Careers in
Middle/Upper Teaching

Join the Revolution—Help Lead the Revolution

The BASIS.ed Secondary School accelerated science and liberal arts curriculum is among the most interesting and rigorous in the country. Our curriculum asks students in grades 5–7 to work hard toward their academic potential by developing the critical thinking and intellectual agility crucial to college prep. It holds students accountable while assuring guidance from strategic benchmarking and expert teaching.

As a BASIS.ed teacher, you’ll be called a Subject Expert. You’ll start each school year by setting transparent exit criteria. Then, working backwards through the academic program, you’ll set ambitious but attainable checkpoints to track and guide individual progress. That way, BASIS.ed students will know that you genuinely and uniquely support them.

Keys to Success at BASIS.ed

BASIS.ed teachers are given broad autonomy in choosing how to run their classrooms. That requires the ability to identify what methods are best for communicating your material. It also requires flexibility, so you can adapt to your students' learning needs.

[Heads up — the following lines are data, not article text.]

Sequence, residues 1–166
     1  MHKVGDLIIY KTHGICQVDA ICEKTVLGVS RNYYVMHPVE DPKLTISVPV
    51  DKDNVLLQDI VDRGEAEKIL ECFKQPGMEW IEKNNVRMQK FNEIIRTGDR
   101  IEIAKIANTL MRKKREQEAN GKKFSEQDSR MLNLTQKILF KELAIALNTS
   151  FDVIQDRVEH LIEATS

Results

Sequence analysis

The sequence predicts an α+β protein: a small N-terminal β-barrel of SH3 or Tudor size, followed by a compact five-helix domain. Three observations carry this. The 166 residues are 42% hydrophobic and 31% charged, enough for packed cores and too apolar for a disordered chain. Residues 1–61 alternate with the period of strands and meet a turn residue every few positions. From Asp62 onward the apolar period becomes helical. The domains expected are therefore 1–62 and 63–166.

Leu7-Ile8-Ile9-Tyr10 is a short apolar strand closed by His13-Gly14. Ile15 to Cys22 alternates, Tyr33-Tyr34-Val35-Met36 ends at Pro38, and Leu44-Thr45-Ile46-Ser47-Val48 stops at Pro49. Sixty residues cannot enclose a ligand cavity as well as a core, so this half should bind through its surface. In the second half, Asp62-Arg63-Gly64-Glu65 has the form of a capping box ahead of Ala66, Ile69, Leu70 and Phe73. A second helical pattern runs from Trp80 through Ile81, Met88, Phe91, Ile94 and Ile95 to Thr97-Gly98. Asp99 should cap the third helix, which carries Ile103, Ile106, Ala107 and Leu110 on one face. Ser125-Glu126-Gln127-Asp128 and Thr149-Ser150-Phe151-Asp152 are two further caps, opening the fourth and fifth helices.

Training for New BASIS.ed Teachers

As a new BASIS.ed teacher, you'll receive intensive training in the summer before you start through our BASIS.ed Institute. There you'll learn about our innovative curriculum and how BASIS.ed schools inspire—and achieve—academic excellence.

Also during your first year, you’ll participate in a peer-mentoring program lead by seasoned teachers and on-site managers. Plus, we invite all BASIS.ed teachers to collaborate and share best practices through our social network, BASIS.ed Connect.

Thoughts from our teachers

The culture at BASIS.ed allows me to optimize my teaching time. With the support of the LET (learning expert teacher), I feel that I can get the most out of every minute of class time. And I feel like I'm really TEACHING.

Donna Merchant
Subject Expert Teacher

I worked in a public school for five years, and left because I felt frustrated I was told to do things in my classroom that I did not feel were the best use of my students' precious time. Today, my students are fully engaged in learning from bell to bell.

Alison Sterling
Learning Expert Teacher